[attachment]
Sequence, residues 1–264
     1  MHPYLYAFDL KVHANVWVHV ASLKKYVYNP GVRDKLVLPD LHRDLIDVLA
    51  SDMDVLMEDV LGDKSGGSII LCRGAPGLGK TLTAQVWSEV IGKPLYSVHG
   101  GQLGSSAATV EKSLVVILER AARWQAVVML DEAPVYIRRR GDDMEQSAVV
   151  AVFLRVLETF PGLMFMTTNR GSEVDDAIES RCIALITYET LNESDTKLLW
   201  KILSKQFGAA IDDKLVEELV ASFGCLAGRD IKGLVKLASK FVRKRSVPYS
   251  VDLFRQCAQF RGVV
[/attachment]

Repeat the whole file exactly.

Sequence, residues 1–264
     1  MHPYLYAFDL KVHANVWVHV ASLKKYVYNP GVRDKLVLPD LHRDLIDVLA
    51  SDMDVLMEDV LGDKSGGSII LCRGAPGLGK TLTAQVWSEV IGKPLYSVHG
   101  GQLGSSAATV EKSLVVILER AARWQAVVML DEAPVYIRRR GDDMEQSAVV
   151  AVFLRVLETF PGLMFMTTNR GSEVDDAIES RCIALITYET LNESDTKLLW
   201  KILSKQFGAA IDDKLVEELV ASFGCLAGRD IKGLVKLASK FVRKRSVPYS
   251  VDLFRQCAQF RGVV